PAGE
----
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Summer Camps

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Milk Carton

Open Conversations and Dairy Products

by Ilana Jacobs

“Where are you thinking about going to college?” I’ve been asked this question by almost everyone I know. It feels like after your bat mitzvah, there’s a second rite of passage that no one tells you about: college decisions. Since the winter of Junior year, every conversation seems to take a turn towards schools. The question, “How are you?” has been replaced with, “How are the applications coming?”

2016-2017 Rising Voices Fellow Molly Pifko at Camp

The Challenge of Teamwork

by Molly Pifko

Competitions can bring out the best in people. Unfortunately, they can also bring out the worst. Team competitions, even silly camp ones full of crazy outfits and team cheers, require leadership, and unfortunately, some leaders don’t value everyone’s voices equally.

Topics: Summer Camps
2016-2017 Rising Voices Fellow Katy Ronkin at Camp

From Camp Gyno to Women’s Health Activist

by Katy Ronkin

The summer of 2013 was when I taught my bunk at Camp Young Judaea that girls have more than two holes “down there.” Now for those uninitiated with the workings of a girls’ bunk, this may seem crazy or even obscene. However, for us, this was just another lesson in a long line of facts about the female body I had told my bunkmates that summer.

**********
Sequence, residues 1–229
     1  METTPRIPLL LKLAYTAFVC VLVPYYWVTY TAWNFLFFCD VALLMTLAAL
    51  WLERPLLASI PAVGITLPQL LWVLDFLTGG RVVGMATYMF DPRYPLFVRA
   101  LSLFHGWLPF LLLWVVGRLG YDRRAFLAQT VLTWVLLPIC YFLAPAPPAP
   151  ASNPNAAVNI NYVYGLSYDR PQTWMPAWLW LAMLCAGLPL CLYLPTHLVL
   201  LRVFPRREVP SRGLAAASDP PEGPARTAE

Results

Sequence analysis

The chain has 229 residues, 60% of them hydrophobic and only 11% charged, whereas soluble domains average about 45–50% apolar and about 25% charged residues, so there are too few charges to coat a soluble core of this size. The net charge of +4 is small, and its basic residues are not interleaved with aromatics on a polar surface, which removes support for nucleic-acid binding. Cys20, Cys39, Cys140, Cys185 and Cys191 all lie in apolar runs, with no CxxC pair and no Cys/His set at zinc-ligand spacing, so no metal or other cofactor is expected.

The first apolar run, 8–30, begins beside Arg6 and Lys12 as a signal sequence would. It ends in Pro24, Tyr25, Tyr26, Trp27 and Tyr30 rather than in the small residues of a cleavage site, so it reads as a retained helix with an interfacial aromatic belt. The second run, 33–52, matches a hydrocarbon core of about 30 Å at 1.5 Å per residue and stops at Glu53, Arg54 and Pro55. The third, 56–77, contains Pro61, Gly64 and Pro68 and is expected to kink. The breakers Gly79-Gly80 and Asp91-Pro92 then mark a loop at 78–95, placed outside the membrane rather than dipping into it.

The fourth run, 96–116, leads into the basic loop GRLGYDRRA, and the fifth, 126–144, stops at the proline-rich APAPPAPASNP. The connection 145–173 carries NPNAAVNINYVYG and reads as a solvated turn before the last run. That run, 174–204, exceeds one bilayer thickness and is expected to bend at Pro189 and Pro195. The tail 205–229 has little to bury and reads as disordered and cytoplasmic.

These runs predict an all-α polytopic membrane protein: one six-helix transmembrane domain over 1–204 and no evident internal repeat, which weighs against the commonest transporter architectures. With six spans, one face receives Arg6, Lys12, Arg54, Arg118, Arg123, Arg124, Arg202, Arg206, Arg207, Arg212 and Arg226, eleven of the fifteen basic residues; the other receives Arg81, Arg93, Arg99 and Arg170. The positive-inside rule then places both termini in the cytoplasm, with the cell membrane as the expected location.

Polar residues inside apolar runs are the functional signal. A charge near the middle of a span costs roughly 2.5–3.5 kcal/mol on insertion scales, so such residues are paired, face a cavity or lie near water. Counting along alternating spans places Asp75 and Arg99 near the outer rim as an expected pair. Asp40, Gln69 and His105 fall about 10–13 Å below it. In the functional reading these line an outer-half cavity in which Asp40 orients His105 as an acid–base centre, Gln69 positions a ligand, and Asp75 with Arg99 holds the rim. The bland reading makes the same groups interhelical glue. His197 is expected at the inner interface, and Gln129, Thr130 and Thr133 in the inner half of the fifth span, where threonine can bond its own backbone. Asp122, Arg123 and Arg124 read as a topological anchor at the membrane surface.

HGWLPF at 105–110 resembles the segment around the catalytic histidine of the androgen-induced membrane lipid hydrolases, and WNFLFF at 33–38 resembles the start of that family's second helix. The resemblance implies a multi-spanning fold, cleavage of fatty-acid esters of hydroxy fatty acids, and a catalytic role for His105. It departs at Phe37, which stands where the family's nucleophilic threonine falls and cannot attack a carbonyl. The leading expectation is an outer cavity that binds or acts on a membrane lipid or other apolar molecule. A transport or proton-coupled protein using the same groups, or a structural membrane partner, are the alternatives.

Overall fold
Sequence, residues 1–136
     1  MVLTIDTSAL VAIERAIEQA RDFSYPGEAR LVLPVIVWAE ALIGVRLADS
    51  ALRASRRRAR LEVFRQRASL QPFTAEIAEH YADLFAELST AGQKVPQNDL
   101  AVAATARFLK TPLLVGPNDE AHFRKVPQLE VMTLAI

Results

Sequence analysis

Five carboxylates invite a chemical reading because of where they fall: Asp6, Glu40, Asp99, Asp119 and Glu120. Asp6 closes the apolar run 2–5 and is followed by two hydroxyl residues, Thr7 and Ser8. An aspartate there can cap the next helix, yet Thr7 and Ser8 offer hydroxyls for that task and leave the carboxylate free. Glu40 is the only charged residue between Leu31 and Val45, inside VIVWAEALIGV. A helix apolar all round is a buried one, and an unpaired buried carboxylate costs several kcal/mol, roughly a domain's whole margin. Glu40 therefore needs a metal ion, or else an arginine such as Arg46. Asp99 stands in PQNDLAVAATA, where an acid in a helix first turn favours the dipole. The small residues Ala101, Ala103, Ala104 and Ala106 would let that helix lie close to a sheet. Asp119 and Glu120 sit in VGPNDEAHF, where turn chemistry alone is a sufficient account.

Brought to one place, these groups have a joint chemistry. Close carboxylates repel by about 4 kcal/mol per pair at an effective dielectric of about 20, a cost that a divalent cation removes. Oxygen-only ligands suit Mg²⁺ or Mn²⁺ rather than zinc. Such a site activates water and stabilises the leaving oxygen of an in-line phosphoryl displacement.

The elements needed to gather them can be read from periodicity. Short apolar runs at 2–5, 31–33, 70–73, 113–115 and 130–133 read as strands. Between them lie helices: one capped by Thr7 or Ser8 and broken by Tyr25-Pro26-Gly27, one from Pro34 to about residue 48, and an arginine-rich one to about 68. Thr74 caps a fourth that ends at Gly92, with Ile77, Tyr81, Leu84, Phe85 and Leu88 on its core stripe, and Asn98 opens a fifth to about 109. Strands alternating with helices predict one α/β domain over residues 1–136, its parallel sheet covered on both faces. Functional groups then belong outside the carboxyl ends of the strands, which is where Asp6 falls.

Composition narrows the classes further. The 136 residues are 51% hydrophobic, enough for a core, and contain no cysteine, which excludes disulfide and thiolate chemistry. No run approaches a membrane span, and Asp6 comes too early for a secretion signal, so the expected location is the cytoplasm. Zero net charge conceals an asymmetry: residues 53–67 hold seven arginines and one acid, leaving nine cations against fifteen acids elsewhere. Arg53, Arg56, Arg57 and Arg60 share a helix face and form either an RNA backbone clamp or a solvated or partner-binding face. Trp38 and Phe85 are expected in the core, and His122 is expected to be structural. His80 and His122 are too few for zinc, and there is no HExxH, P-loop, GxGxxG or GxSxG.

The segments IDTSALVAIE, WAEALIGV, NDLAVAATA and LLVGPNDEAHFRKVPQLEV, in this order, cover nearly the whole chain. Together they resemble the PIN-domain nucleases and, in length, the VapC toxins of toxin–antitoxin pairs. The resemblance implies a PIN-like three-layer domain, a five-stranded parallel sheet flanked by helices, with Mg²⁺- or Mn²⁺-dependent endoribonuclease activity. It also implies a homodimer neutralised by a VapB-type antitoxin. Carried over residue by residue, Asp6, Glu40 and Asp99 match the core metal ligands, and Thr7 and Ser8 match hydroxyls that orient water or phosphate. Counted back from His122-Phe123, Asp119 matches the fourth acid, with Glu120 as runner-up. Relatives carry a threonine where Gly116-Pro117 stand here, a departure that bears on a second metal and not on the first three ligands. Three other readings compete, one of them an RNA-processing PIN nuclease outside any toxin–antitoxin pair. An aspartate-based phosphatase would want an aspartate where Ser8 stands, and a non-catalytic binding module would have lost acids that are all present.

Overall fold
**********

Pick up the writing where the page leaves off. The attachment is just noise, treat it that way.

2016-2017 Rising Voices Fellow Diana Myers Wearing Tefillin

Binding My Religious and Feminist Identities Together

by Diana Myers

I started wearing tefillin at camp. I was fourteen and I had a lot of ideas about overthrowing patriarchal Judaism, and I thought it looked cool. Tefillin are traditionally worn only by Jewish men who have reached bar mitzvah age (thirteen), although Conservative and Reform Judaism, some of the more liberal sects of Judaism, are very accepting of women wrapping as well. 

2016-2017 Rising Voices Fellow Emma Bauchner at Camp

Deciphering the Code

by Emma Bauchner

Dress codes. If you’ve been on the internet in the past few years, you’ve probably noticed that teenage girls tend to butt heads with them quite a bit. You may have read about how blatantly discriminatory dress codes are when it comes to gender. You might already be informed about how they contribute to victim blaming, are a form of slut shaming, and reinforce rape culture.  Indeed, dress codes have become a sort-of gateway into feminist thought for teenage girls. For me, they were certainly a rude awakening.

Delaney Hoffman with a Camp Friend

On Feminism’s Place in a Conventional Summer Space

by Delaney Hoffman

My summer camp has rats in the walls and rotting wooden decks and haunted basements. My summer camp is hot and cold, made up of love and hate and freedom and restriction and myth and reality. My summer camp is more corrupt than the Brazilian government but still comforting enough to call it a religion. My summer camp is where I grew up two weeks at a time. 

Camp Ramah

People of Valor

by Hani Fish-Bieler

It's Friday night. I'm sitting in a big tent, surrounded by some of the greatest friends I've ever made. The smell of chicken soup wafts under our noses. A man walks to the front of the room, and we smile and link pinkies with the people next to us. This is it. The moment we’ve been waiting for all week. I take a deep breath and close my eyes as he begins in Hebrew...

Topics: Summer Camps
Rising Voices Fellow Noam Green at the People's Climate March Cropped

Moving Past My Passivity

by Noam Green

I was a relatively passive preteen. I was stuck in this mentality that my life wasn’t really going to start until I was older, that everything until then was just filler. Looking back at it now, I can acknowledge the internalized adultism that clouded my perception of the world, but am still regretful of this period of stagnation in my life.